By Loi Nguyen, Executive Vice President, Cloud Optics Business Group, Marvell
Some twenty years ago the concept of IP over Wavelength Division Multiplexing (WDM) was proposed as a way to simplify the optical infrastructures. In this vision, all optical networks are connected via point-to-point mesh networks with a router at the center. The concept was elegant, but never took off because the optical technology at the time was not able to keep up with the faster innovation cycle of CMOS, driven by Moore’s law. The larger form factor of WDM optics does not allow them to be directly plugged into a router port. Adopting a larger form factor on the router in order to implement IP over WDM in a massive scale would be prohibitively expensive.
For routers to interface with the networks, a “transponder” is needed, which is connected to a router via short-reach optics on one side and WDM optics to the network on the other. The market for transponders grew quickly to become a multi-billion-dollar market.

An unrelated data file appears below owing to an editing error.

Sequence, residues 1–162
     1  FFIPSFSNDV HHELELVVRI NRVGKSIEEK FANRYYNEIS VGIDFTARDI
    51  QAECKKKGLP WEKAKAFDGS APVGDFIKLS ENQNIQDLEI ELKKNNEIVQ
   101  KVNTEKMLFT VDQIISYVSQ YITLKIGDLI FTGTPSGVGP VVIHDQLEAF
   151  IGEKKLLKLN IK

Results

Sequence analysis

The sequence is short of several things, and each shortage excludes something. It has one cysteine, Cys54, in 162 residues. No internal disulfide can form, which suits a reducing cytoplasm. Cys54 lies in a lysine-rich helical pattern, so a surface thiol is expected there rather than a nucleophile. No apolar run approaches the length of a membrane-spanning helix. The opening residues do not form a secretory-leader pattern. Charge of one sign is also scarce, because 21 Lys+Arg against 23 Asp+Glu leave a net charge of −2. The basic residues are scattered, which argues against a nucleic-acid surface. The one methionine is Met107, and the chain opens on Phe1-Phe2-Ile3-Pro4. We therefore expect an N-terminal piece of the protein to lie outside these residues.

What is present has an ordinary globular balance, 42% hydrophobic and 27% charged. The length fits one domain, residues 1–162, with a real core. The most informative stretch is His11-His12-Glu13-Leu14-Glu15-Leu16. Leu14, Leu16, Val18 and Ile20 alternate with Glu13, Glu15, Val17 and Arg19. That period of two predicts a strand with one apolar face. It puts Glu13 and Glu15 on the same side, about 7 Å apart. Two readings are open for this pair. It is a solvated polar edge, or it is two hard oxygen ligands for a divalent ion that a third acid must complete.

A Star is Born
About 10 years ago, I was building a team at Inphi, where I was a co-founder, to further develop a nascent technology called silicon photonics. SiPho, as it’s called, leverages commercial CMOS foundries to develop photonics integrated circuits (PIC) that integrate hundreds of components ranging from high-speed modulators and detectors to passive devices such as couplers, waveguides, monitoring diodes, attenuators and so on. We were looking for ideas and customers to bring silicon photonics to the marketplace.
Fortunately, good technology and market need found one another. A group of Microsoft executives had been considering IP over WDM to launch a new concept of “distributed data centers,” in which multiple data centers in a region are connected by high speed WDM optics using the same form factor as shorter reach “client optics” used in switches and routers. By chance, we met at ECOC 2013 in London for the initial discussion, and then some months later, a product that enabled IP over WDM at cloud scale was born.